Many of the entries are blank, or they only have the name of the current commercial tenant. What’s up with that?
You’re looking at a Web site that is very much under construction. Eventually, all the entries will have at least a basic narrative text, as well as photographs. One reason I’ve opened the site early is in the hope that readers will contribute what they know about given properties, which will help me write the entries. You can do that through the “Comments” box at the end of each entry. You can also keep up with the latest entries on the Building Provincetown Facebook page.
At the top and bottom of the Web pages, I see the terms “Older posts” and “Newer posts,” instead of “Continue” and “Return” or “Move forward” and “Go back,” which would make more sense. Why?
That terminology is inserted automatically by WordPress, which — strictly speaking — is a blogging platform. It’s built right into the off-the-shelf template that I use for Building Provincetown, buried too deep in code for an amateur like me to ferret out and change.
I can’t seem to Google most of these entries.
That’s correct. It’s deliberate. At the moment, search engines are blocked from Building Provincetown, for the simple reason that it’s under construction and not ready for prime time. Only people who know the URL buildingprovincetown.com can access the site for now. As soon as the entries are relatively complete, however, the site will be opened to search engines — and the wide world beyond.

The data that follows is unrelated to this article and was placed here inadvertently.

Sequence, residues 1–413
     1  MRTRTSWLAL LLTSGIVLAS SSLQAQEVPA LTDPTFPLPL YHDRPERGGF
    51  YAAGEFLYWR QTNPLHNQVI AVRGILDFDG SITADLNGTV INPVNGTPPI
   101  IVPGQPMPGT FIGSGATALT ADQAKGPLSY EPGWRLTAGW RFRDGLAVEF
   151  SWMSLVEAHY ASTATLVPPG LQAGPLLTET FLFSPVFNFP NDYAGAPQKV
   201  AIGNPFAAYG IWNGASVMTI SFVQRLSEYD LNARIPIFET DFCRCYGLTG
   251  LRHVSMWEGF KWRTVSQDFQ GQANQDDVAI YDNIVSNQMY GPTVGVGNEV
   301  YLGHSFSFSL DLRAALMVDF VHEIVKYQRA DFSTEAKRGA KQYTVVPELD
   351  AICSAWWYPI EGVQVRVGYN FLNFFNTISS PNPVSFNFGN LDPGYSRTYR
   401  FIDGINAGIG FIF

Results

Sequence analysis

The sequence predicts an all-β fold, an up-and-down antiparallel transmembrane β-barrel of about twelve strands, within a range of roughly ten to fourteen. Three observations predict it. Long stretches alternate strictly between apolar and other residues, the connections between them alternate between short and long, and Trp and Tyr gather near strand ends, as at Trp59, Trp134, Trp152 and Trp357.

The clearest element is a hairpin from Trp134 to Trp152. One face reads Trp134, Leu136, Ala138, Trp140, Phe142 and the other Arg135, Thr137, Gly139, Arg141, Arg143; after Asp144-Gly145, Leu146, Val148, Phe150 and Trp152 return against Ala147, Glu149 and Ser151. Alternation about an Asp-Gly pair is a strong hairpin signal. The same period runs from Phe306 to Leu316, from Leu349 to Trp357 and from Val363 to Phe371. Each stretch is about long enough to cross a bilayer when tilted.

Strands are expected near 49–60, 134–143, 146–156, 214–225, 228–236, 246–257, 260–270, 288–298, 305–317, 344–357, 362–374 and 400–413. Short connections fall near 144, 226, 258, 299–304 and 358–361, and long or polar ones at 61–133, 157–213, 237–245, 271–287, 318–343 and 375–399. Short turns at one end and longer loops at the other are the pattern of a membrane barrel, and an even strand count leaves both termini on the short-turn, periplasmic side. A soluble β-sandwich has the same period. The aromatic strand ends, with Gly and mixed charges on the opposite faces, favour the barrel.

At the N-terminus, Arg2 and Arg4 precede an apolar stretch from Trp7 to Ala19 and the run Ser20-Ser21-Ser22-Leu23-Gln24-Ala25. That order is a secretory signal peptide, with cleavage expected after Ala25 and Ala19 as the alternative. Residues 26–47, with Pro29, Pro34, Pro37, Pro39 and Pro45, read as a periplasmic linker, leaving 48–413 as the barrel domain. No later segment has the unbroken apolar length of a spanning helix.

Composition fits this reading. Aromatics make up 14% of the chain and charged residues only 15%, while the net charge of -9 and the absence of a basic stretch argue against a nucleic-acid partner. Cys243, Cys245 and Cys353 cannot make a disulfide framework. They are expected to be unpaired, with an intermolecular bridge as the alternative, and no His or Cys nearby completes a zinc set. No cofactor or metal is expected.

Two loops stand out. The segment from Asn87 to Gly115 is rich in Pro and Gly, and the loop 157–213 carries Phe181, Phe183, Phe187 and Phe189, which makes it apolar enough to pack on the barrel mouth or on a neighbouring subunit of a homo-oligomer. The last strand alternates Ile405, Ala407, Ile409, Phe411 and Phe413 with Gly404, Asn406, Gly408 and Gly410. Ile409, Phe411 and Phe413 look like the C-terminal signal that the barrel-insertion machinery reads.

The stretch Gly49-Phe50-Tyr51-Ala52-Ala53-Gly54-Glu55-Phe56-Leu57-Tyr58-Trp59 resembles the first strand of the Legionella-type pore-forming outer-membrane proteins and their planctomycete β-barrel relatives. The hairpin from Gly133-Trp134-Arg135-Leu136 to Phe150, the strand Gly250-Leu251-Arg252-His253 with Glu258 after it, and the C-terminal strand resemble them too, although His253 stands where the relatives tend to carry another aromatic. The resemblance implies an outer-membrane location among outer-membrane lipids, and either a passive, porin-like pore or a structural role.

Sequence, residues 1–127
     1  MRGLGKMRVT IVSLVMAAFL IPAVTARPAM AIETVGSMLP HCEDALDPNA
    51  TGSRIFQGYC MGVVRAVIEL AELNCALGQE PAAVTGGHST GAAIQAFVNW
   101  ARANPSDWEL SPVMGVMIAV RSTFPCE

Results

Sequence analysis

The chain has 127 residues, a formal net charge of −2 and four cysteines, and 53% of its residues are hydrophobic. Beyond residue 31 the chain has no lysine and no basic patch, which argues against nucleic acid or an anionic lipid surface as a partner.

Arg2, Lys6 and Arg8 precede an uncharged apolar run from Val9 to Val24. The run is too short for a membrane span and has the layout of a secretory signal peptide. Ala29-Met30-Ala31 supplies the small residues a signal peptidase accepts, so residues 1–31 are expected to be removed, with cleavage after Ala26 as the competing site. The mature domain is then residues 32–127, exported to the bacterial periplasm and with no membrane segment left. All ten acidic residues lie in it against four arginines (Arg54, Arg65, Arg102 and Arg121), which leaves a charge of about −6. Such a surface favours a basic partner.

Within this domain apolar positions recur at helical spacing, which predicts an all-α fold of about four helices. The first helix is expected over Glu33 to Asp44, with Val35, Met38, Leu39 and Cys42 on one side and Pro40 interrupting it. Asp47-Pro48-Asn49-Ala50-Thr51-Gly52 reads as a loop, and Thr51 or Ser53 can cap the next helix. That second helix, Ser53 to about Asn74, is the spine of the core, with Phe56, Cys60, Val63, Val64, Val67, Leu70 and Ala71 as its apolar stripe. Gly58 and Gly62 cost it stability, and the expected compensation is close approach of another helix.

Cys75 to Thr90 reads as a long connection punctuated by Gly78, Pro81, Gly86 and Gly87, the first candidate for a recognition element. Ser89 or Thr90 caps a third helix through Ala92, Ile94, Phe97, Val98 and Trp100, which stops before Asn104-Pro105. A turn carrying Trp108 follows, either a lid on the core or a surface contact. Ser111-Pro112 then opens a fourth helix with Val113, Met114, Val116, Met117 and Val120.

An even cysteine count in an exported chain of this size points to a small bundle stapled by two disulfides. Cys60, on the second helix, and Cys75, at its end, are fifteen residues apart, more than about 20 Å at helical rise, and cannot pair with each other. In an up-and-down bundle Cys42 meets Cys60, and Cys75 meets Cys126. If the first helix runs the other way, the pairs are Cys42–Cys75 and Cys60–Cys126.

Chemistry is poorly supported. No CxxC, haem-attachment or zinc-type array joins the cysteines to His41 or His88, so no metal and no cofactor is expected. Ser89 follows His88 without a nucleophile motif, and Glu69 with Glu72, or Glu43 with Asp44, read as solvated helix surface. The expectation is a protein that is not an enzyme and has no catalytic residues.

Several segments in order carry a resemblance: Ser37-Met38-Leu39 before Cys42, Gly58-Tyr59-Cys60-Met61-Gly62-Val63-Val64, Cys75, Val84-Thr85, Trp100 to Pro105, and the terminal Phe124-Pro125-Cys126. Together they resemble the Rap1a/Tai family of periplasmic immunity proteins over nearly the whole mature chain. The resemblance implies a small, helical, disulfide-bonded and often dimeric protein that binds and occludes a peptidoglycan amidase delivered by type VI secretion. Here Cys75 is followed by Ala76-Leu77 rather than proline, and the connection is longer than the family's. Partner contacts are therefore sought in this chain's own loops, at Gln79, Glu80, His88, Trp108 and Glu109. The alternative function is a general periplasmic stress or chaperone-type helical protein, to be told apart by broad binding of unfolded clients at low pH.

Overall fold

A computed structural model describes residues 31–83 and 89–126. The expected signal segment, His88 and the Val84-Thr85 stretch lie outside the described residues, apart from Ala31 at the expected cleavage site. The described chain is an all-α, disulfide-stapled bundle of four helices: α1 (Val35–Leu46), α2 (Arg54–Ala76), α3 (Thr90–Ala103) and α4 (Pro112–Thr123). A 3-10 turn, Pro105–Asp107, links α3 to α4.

There are no ads and you’re not charging me to use this site. How do you make money?
By holding down a day job. Building Provincetown is strictly a labor of love on my part and that of everyone else who’s been kind enough to help pull it together. I look at it as a way of repaying my indebtedness to a community that has enchanted, engaged and sustained me for many years.
The money to create and maintain this Web site is coming entirely out of my pocket. I benefit tremendously from the fact that WordPress hosts site like this at no charge.
It is my hope and intention to keep Building Provincetown free of charge and free of advertising, to make it as useful, attractive and accessible as a research site can be; and unindebted to any outside financing source.
That said, I should also note that at the April 2010 Town Meeting, the voters of Provincetown approved a $12,500 grant to cover the printing costs for the book version of Building Provincetown. But that money will be used exclusively to pay the printer. I won’t see a dime of it.